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UBC Theses and Dissertations

The dissolution of career in the lives of middle class, middle aged men Malek, Alard A.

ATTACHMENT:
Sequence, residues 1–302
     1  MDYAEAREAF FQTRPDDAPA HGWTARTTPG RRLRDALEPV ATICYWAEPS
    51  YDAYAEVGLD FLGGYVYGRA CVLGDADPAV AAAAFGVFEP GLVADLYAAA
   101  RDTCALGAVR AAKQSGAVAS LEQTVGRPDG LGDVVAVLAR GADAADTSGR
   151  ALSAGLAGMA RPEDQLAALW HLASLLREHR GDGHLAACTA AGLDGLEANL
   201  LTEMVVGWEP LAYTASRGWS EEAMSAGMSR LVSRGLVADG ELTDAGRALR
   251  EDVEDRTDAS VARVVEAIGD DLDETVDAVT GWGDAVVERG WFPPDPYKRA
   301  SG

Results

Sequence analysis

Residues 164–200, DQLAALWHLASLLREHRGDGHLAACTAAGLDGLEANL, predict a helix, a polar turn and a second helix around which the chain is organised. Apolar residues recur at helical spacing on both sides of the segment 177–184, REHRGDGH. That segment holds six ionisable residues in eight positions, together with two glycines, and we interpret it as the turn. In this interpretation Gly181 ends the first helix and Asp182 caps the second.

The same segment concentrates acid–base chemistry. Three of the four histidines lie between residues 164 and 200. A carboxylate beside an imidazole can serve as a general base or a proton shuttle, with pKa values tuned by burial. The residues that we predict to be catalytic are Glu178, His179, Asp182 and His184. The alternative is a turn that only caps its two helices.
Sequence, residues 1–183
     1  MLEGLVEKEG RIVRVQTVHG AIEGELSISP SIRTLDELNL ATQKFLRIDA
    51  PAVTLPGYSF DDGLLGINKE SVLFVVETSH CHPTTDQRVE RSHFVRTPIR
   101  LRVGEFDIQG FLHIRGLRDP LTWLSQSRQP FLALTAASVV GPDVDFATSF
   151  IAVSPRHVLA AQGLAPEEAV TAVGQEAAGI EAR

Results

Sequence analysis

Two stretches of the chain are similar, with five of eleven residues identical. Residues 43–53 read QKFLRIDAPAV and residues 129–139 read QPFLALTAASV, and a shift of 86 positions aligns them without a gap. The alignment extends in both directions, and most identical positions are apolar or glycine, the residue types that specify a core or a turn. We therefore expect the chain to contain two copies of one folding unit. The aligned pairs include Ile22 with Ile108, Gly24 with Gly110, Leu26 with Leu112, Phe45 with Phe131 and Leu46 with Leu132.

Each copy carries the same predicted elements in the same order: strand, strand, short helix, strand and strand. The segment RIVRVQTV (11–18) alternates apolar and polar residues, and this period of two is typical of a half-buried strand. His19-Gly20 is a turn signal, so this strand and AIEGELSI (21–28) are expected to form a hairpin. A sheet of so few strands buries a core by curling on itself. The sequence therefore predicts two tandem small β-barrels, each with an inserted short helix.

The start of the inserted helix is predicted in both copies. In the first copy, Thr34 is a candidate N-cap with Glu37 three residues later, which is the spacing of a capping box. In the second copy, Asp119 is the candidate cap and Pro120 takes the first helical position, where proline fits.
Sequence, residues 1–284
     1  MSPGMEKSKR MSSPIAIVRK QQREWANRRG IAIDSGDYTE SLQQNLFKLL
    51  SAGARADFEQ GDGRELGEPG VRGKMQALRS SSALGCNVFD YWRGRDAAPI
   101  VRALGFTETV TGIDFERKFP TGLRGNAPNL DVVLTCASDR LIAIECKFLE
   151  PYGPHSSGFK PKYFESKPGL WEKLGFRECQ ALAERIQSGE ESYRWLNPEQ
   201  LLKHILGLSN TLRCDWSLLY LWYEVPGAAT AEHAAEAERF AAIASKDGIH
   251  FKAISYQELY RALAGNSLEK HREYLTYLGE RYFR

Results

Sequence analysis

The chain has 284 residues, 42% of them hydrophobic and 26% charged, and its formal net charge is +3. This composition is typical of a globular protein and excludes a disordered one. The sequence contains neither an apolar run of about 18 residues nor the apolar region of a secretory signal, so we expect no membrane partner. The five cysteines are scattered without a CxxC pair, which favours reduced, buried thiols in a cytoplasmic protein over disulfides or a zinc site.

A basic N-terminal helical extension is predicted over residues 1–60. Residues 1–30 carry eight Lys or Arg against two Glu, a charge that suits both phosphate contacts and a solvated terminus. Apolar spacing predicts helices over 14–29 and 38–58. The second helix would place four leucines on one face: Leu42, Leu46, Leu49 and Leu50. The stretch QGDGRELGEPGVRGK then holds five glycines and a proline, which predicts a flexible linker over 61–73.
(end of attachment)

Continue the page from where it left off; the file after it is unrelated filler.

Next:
This grounded theory study investigated the experiences of 18 middle class, middle aged men who lost long term employment because of organizational restructuring. Limited research had previously been conducted in this area and this study extends our understanding about the impact of job loss on people who have lost long term employment. The purpose of the study was to explicate the lived experiences of these men and generate an explanation and model of how they reconstructed their understanding of career following job loss from long term employment. The men's experience of job loss and how they constructed career after the loss of long term employment were explained through a dynamic and interacting four stage process model of the dissolution of career. Stage 1, establishing career, explained how the men came to understand career as a relationship. For these men, career, as a relationship, was based on trust and was comprised of reciprocal terms believed to exist between the "good employee" and the "good employer." Over time, by fulfilling the terms of reciprocity, a psychological contract was established between the men and their employers. This contract contained mutual obligations, such as, employment security in exchange for employee commitment, loyalty, hard work, and sacrifice. Stage 2, the termination of employment, revealed how the experience of job loss signified a violation of the psychological contract. The men believed they had complied with the psychological contract; however, the employer's failure to provide employment security represented a violation of the psychological contract. This violation was a highly emotional experience, tantamount to a betrayal. Although compensation could represent the employer's effort to honour the employer/employee relationship, compensation in the form of severance pay was not adequate. Stage 3, disengaging from career, signified the period of time during which the men attempted to come to terms with the loss of career. The men attempted to secure new employment in a world of work different from the world in which they had begun their careers. Although the men sought employment that promoted the employer/employee relationship of career, seeking work revealed career as they had known it was unlikely in the new world of work. Past experience and educational upgrading had little effect on their ability to secure employment. Employers favoured inexpensive labour, immediate skills, and short term working relationships with employees. Generally, the men found themselves working in unstable jobs for less money. The men who secured stable work, gained job security through union membership or self employment instead of relying on the employer/employee relationship. The men's experiences during this stage underscored the experiences of the second stage. Stage 4, the dearth of career, represented the outcome of the men's experiences of the preceding stages. Although the men maintained previous definitions of career, they stated they had lost career and that career is no longer possible in the context of the new world of work. They were less trusting of employers. They favoured a transactional orientation towards work and stressed self interest in work relationships. Whereas, career provided a major source of purpose and meaning in the past, they constructed new purpose and meaning in life by reprioritizing other relationships in their lives, that is, with self, family, and friends. One wonders, however, whether life seemed less meaningful for the men who participated in this study because they maintained their definitions of career.

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